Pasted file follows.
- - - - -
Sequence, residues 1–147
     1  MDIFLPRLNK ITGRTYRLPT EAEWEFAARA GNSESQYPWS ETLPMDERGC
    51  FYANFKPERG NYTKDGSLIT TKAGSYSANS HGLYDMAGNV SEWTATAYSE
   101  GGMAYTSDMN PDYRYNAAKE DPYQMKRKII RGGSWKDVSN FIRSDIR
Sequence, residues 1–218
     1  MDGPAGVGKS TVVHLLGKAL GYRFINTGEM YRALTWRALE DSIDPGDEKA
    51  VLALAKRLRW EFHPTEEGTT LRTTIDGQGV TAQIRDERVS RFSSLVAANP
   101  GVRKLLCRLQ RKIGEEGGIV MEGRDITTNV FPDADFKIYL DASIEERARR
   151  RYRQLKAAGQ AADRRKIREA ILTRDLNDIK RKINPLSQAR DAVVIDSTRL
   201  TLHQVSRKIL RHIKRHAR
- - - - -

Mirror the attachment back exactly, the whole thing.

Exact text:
Sequence, residues 1–147
     1  MDIFLPRLNK ITGRTYRLPT EAEWEFAARA GNSESQYPWS ETLPMDERGC
    51  FYANFKPERG NYTKDGSLIT TKAGSYSANS HGLYDMAGNV SEWTATAYSE
   101  GGMAYTSDMN PDYRYNAAKE DPYQMKRKII RGGSWKDVSN FIRSDIR
Sequence, residues 1–218
     1  MDGPAGVGKS TVVHLLGKAL GYRFINTGEM YRALTWRALE DSIDPGDEKA
    51  VLALAKRLRW EFHPTEEGTT LRTTIDGQGV TAQIRDERVS RFSSLVAANP
   101  GVRKLLCRLQ RKIGEEGGIV MEGRDITTNV FPDADFKIYL DASIEERARR
   151  RYRQLKAAGQ AADRRKIREA ILTRDLNDIK RKINPLSQAR DAVVIDSTRL
   201  TLHQVSRKIL RHIKRHAR